- Ensure that cryptocurrency miners are not given discounted rates and instead allocate costs and adopt rates that protect existing consumers from higher wholesale prices, cost shifting, and stranded assets.
- Assess utility plans to increase or maintain obsolete capacity (such as old fossil generators) in response to cryptocurrency mining operations, and ensure that existing ratepayers are held harmless.
- Consider Systems Benefit Charges (SBCs) or on-bill surcharges to cryptocurrency mining operations to fund mitigation measures and protect ratepayers against stranded asset costs.
- Review the impact of cryptocurrency mining operations on regional resource adequacy and the cost to serve customers.
- Establish and require best management practices for high-density load energy users, such as energy efficiency requirements and power density limits.
- Utilities should develop rate structures for cryptocurrency miners that ensure those operations pay their fair share of infrastructure upgrades at the time of interconnection.
- Independent system operators can develop guidance for the interconnection of high-density electricity users, including emergency response rules that prioritize the integrity of grid operations and treat cryptocurrency mining as a highly interruptible, "flexible" load.
Issue № 04
The Real Value of NFTs Starts with a Climate-friendly Blockchain
While many factors can determine the value of an NFT (non-fungible tokens), one must stand out above all others–whether an NFT is based on a climate-friendly blockchain. NFT creators can now consciously decide to create a token on a blockchain that doesn’t rely on a climate-polluting code like that used by Bitcoin. That’s the right decision with an immeasurable value.
For many NFT creators, this decision was made for them when Ethereum’s code changed to a Proof of Stake consensus mechanism in September 2022. In switching to Proof of Stake, Ethereum’s energy requirements decreased by 99.95% compared to when it used a Proof of Work (PoW) consensus mechanism. This code change meant that NFTs on the Ethereum blockchain were now climate-friendly and not dependent on a PoW blockchain that uses massive amounts of electricity to validate transactions. For example, in one year, PoW Bitcoin uses as much electricity as the Netherlands and emits over 63 metric tons of GHG emissions, more than Hungary emits annually. “In stark contrast to Bitcoin, NFTs on Ethereum and almost any other platform now have the intrinsic value of being based on an energy-efficient consensus mechanism. This helps in the fight against climate change but also results in less air, water, and noise pollution, ” said Mike Brune, director of the “Change the Code, Not the Climate” campaign.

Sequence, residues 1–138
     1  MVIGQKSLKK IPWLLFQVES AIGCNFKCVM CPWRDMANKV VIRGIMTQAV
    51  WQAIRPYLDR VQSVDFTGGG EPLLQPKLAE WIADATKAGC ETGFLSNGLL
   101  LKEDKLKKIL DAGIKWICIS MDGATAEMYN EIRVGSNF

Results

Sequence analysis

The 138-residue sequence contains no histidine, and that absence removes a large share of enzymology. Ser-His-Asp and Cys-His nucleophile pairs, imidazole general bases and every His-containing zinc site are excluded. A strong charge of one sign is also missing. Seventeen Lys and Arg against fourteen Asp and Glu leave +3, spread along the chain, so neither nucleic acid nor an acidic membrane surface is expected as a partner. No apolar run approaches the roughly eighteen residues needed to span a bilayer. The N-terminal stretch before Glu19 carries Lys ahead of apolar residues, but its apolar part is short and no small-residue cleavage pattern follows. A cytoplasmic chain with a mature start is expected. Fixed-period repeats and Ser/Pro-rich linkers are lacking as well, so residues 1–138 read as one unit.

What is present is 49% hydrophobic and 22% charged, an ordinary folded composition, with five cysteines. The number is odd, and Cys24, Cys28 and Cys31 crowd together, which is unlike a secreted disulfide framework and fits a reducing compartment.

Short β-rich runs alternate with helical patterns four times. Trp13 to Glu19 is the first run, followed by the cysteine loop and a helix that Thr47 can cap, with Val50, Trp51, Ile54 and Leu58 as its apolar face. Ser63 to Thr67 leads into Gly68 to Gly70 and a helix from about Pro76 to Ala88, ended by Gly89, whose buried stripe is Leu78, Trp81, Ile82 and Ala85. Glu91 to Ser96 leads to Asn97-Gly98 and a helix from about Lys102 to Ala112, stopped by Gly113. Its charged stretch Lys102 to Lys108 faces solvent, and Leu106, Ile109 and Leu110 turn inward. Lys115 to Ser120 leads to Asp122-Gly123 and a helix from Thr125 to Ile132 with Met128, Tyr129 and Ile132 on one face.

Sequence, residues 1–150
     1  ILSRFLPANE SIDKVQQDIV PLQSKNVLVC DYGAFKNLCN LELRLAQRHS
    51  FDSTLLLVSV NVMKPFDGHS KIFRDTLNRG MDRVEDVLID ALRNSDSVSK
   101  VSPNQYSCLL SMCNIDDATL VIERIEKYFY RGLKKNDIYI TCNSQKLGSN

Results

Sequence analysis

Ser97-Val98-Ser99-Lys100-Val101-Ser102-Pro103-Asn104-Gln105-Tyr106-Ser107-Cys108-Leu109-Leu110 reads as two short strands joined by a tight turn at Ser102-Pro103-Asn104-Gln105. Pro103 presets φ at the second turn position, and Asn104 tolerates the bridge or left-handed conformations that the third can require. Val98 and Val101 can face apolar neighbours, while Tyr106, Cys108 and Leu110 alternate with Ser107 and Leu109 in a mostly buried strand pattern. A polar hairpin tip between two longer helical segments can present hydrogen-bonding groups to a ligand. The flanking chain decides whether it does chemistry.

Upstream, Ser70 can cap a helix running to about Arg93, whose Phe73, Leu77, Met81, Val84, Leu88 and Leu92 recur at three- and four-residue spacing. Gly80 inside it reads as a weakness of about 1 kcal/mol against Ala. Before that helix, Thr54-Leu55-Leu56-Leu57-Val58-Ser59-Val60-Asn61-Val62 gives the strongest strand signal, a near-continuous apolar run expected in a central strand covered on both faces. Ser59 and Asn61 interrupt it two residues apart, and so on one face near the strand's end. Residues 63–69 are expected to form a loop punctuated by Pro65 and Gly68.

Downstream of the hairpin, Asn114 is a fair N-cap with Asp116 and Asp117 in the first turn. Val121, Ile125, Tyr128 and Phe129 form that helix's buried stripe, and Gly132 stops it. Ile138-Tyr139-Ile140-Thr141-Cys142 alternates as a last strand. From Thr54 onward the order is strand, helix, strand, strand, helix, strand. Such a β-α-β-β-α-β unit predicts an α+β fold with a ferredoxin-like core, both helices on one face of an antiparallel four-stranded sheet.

NFT creators, including artists, who didn’t want to use a PoW platform for their NFT art due to contributing to massive climate pollution have a clear choice with far less environmental impact. However, with the launch of an NFT protocol, recently acquired by a PoW mining company, now on the Bitcoin mainnet, some creators might be considering a Bitcoin blockchain platform. NFTs on the Bitcoin platform would only exacerbate climate pollution by causing more transactions using more electricity from dirty fossil fuel power plants.
We strongly encourage creators to choose a PoS protocol blockchain or similar that is equally as energy efficient and not use a Bitcoin or other Proof of Work blockchain for NFTs. Rather than using a consensus mechanism that primarily relies on coal power, choose the one that doesn’t contribute to climate change and creates real tangible value for our planet.